In a recent column for Slate, Farhad Manjoo takes up a cause for the ages: typing only one space after the end of a sentence. “Typing two spaces after a period,” he says, “is totally, completely, utterly, and inarguably wrong.” To support his claim, Manjoo brings in some authoritative sources. He talks to James Felici, author of the The Complete Manual of Typography, who says that after a long period of inconsistent spacing, typesetters adopted the one-space rule around the early 20th century. Further, the Modern Language Association Style Manual and the Chicago Manual of Style both proscribe a single space, as does Amy Einsohn’s popular guide, The Copyeditor’s Handbook, published by UC Press. Manjoo traces the double-spacing convention back to the manual typewriter’s monospace type, which gives every character equal horizontal space. People found it hard to distinguish between sentences, and began adding an extra space to enhance readability.
Even though modern guides advocate the one-space rule, many people still cling to their spaces. It may have to do with the way we were taught in school. A teacher Manjoo interviews admits to requiring her students to use two spaces after a period, even though she knows the approach is no longer favored. “Primarily, I base the spacing on the way I learned,” she explains. Judging from the 2,080+ comments posted in response to the article, the decision to use one space or two is still a hot button issue. The proponents of the two-space rule refuse to go down without a fight, passionately arguing that using two spaces aids in comprehension and is more aesthetically pleasing. And many of the commenters point out that spacing conventions vary according to profession. One person writes, “Lawyers are always required to use 2 spaces. Judges demand it, and law schools teach it.”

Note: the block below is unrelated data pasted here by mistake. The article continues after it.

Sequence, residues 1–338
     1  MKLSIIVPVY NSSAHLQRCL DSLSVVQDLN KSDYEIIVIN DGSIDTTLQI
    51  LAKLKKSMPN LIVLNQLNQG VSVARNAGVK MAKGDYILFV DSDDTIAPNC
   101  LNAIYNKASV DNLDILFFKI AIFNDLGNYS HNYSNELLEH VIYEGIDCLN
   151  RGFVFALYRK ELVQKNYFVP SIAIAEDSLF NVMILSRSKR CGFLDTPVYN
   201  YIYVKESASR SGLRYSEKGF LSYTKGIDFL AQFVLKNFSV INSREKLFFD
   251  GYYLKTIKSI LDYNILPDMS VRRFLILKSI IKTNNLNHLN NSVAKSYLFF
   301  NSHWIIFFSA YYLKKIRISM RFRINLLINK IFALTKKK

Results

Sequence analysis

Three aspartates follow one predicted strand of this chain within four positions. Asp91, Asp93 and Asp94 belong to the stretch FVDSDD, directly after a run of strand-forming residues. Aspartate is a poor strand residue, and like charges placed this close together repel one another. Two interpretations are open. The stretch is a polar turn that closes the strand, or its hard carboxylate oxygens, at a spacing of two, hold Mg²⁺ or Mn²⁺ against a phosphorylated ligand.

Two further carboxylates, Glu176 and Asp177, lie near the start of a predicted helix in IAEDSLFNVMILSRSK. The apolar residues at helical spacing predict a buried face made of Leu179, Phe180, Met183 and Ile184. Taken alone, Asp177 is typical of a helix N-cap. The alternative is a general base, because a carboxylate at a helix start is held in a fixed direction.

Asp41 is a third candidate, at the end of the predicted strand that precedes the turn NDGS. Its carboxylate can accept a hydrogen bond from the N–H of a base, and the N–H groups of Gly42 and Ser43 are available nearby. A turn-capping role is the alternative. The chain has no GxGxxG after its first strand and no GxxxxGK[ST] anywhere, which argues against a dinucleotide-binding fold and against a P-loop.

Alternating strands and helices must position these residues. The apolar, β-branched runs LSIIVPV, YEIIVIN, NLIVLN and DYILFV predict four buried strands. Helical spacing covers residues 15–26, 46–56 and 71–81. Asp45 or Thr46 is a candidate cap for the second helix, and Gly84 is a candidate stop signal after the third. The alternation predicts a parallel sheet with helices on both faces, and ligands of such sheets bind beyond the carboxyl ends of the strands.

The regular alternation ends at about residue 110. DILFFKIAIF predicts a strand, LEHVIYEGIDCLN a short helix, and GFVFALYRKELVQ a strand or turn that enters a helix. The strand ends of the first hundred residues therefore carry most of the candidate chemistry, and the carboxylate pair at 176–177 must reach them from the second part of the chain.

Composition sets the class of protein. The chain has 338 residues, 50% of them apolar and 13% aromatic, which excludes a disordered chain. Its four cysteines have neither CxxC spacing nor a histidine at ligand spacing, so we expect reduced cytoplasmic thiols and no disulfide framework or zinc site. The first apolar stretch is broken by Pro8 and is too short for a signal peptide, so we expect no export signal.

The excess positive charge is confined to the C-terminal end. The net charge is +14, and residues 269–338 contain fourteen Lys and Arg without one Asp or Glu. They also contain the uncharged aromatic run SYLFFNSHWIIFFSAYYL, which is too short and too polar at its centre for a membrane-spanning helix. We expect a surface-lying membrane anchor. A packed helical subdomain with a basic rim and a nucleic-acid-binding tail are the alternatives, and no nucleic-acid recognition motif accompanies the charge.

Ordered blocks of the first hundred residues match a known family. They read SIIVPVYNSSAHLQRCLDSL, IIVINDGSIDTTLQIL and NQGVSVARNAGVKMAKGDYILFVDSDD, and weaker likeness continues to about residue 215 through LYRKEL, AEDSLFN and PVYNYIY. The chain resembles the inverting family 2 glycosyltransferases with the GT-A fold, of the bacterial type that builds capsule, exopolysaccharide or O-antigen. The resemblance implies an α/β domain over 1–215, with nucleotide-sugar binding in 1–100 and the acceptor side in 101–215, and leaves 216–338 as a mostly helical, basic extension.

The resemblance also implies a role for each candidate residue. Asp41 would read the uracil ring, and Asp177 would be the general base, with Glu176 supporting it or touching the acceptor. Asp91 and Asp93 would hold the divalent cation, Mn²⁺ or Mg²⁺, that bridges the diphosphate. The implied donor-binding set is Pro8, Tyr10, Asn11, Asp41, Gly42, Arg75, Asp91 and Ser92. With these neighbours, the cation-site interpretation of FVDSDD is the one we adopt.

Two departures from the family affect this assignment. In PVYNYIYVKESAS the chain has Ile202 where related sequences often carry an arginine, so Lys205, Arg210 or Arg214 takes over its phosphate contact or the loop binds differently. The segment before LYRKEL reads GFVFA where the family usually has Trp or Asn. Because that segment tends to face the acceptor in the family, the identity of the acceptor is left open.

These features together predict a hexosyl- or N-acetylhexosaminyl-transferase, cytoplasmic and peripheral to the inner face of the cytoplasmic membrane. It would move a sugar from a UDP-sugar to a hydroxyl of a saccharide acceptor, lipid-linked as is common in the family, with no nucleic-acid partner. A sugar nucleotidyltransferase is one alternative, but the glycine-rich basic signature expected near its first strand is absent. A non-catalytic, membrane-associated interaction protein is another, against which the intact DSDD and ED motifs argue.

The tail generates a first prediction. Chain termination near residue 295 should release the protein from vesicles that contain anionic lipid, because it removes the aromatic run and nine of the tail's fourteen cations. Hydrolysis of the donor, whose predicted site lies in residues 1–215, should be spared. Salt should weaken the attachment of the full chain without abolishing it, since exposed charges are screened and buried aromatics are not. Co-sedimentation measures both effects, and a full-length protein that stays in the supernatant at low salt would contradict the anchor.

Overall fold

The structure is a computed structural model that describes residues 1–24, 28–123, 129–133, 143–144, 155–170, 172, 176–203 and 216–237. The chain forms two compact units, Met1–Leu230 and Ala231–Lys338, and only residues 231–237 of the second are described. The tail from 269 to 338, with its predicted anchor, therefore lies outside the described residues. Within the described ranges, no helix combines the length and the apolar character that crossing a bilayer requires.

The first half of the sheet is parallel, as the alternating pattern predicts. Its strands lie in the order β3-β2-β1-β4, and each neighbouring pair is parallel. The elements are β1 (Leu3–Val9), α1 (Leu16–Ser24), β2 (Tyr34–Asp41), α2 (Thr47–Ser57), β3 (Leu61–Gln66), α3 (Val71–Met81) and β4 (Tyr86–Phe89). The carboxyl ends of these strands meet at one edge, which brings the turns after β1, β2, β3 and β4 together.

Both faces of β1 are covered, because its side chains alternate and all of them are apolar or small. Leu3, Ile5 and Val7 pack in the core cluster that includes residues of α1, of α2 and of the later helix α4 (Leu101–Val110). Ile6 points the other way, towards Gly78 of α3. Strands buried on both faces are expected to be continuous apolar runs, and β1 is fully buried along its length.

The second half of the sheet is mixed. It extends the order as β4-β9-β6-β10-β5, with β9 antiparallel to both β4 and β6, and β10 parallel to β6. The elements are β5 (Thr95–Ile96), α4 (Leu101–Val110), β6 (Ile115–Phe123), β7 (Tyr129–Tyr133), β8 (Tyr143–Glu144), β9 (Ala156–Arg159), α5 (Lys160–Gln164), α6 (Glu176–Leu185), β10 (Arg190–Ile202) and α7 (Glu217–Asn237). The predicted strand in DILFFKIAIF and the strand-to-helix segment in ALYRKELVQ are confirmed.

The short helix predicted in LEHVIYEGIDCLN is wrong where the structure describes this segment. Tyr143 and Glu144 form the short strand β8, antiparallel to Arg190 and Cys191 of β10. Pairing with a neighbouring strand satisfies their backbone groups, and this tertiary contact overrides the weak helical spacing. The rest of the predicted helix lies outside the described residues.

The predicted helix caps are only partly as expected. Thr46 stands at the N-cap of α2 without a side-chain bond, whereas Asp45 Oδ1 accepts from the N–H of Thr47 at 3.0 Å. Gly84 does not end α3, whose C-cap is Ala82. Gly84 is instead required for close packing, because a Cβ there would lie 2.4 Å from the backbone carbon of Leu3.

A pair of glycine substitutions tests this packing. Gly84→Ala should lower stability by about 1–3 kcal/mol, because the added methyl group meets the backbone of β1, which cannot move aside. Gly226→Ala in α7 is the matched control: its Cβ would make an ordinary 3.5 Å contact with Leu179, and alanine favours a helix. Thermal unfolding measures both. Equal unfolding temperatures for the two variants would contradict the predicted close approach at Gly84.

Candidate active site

Ultimately, it’s a question of values—do you follow the book, or simply do what works for you? What’s your take, readers? Should we be using one space or two?